Not every comic is going to be well known, not even ones by famous comic book creators. Sometimes it’s from before they got famous or sometimes it’s after, they are just simply overshadowed by other things they have created. Here are some books from famous comic book creators that may have slipped under your radar.
These days, Frank Miller is well known for writing things that are borderline crazy (All Star Batman & Robin) or straight up racist (Holy, Terror!). Previously, he was well known for his outstanding run on Daredevil, as well as writing the pretty much definitive origin of Batman and a dark future take on him in The Dark Knight Returns.
However, did you know that there was a time period in-between his brilliant Batman stories and his...crazy Batman stories? In the 1990s, while everyone else was trying their damnedest to make things dark and gritty, Miller was working on his own stuff in Dark Horse Comics and churning out not just Sin City, but things like Hard Boiled and The Big Guy & Rusty the Robot (which was actually oriented for children). But his best work in the ‘90s was probably Give Me Liberty, a science fiction social satire starring a black woman named Martha Washington.
While current day Frank Miller’s stories tend to have a fascistic bent to them, Give Me Liberty is a much more thoughtful satire of America and American excess, taking the problems started by Reagan and extrapolating them into the near-future (the book starts off in the “future” of 1996). Martha Washington herself comes from Cabrini-Green, which has turned into a prison-like ghetto for poor people, and the only way she can find to escape it is to become a soldier in the army. The book follows her as she rises in rank, even as the country around her falls apart.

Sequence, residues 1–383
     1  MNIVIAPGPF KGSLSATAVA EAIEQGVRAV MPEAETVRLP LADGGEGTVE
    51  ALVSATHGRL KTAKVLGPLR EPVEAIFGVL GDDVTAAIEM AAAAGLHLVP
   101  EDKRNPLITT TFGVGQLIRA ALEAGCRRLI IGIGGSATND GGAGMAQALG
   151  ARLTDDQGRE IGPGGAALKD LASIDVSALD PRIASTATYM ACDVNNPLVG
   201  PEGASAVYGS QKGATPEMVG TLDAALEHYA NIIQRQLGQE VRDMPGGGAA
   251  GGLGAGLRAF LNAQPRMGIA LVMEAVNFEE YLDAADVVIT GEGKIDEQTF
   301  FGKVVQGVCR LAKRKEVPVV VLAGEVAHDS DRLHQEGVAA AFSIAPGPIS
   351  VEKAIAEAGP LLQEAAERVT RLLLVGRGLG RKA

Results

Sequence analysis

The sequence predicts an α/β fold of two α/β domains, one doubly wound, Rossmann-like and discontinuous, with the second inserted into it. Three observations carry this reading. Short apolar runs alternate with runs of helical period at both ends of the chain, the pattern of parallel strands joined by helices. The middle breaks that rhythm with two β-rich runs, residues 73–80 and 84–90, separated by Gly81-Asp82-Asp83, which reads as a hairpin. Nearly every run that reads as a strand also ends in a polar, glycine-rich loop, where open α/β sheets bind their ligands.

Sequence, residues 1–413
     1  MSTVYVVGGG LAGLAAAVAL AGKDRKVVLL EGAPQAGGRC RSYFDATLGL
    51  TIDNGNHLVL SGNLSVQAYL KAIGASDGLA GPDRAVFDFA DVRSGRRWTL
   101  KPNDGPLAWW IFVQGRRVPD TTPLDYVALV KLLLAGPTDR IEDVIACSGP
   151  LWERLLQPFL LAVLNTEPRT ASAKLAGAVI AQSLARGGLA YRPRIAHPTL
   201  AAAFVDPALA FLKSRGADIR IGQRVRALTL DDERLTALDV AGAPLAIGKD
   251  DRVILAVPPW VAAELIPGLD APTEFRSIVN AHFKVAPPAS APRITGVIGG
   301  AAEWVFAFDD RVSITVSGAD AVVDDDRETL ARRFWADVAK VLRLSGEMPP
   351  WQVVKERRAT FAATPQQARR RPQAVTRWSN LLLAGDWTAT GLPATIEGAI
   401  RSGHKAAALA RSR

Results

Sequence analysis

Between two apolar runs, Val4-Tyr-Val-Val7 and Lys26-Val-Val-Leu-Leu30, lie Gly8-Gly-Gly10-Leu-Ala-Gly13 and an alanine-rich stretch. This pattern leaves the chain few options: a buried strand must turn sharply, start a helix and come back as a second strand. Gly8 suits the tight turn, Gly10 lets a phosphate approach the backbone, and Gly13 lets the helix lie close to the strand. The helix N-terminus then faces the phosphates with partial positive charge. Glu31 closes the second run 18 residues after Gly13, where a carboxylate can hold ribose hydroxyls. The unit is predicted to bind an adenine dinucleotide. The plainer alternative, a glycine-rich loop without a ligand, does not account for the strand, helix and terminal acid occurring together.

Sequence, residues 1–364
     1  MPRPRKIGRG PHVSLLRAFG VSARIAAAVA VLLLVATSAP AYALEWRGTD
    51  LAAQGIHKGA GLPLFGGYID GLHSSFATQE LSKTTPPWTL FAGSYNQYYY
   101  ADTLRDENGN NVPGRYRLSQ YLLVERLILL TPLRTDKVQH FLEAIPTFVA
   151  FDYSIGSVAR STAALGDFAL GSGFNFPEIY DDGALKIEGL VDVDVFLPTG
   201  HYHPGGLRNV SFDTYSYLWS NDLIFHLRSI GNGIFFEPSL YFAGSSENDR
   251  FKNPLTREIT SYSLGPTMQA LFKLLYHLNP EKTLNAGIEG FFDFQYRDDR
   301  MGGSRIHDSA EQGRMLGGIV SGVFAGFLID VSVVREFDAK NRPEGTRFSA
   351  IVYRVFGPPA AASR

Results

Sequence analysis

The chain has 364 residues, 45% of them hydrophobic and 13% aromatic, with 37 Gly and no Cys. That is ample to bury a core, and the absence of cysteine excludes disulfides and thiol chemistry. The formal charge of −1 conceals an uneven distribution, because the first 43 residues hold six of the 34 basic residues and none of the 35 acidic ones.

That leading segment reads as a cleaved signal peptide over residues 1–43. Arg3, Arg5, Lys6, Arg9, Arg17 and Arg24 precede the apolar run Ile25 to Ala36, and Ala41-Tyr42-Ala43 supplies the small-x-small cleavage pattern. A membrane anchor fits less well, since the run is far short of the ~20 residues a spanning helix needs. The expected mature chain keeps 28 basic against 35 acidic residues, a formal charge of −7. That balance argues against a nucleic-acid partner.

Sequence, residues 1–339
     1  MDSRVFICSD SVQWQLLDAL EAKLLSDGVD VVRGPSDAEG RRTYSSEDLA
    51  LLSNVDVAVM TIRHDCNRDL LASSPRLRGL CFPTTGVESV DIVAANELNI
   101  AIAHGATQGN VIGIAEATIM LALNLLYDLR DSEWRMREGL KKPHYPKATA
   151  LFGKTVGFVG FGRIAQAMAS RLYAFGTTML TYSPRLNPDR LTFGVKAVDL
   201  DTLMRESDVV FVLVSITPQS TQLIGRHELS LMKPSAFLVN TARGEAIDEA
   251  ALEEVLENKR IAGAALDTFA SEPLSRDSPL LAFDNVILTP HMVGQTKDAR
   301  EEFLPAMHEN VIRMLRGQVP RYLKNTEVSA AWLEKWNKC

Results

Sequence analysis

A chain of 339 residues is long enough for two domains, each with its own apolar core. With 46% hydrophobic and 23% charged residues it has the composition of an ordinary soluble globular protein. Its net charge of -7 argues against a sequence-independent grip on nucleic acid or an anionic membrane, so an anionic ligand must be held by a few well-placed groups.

Back in 1984, Alan Moore hadn’t yet written V for Vendetta or Swamp Thing or Watchmen. He was merely an up-and-coming British comic writer getting his start writing in the magazine that most up-and-coming British comic writers did: 2000 AD. He wrote some of “Tharg’s Future Shocks” and he wrote a bunch of D.R. and Quinch stories (which were always hilarious), but then he wrote what I still consider to be his very best work, even today: The Ballad of Halo Jones.
The story takes place around 500 years in the future, in an area of Earth called “the Hoop.” Halo Jones is an 18-year-old who wants to live her life in peace with her best friend Rodice and her robot dog Toby. The entire first book, in fact, takes place within a single day as Halo gets into various misadventures while traveling around the Hoop, trying to avoid things like the Different Drummers. It’s not until the end of the first book that we really delve into what makes this book great: Halo and her journey outwards.
Halo Jones is really a remarkable figure in comics. She isn’t a superhero, she doesn’t have special powers. Moore stated that he wanted to just create a regular woman and had “no inclination to unleash yet another ‘Tough Bitch With A Disintegrator And An Extra Y-Chromosome’ upon the world.” Halo Jones is pretty much a regular woman, with the only caveats being that she lives in the future and tends to get into adventures. The second book is all about her working on the Clara Pandy, a luxury space liner traveling to an ice planet.
It’s the third book, however, that really makes the entire thing work: Halo, increasingly unable to get work, joins the army and things take a very dark turn. The story was supposed to continue, going on for nine books, but a dispute between Moore and the publisher over rights stopped that. However, the end of book three is the perfect ending place anyway. If you haven’t read it, I sincerely recommend it.
Signal to Noise is one of the many, many collaborations between Gaiman and McKean (it’s their third, actually, the first and second being Violent Cases and Black Orchid), but it’s one not many have possibly read, which is a shame. It was first serialized starting in 1989 in the UK magazine The Face and then later published as a large-format graphic novel by Dark Horse Comics in the US.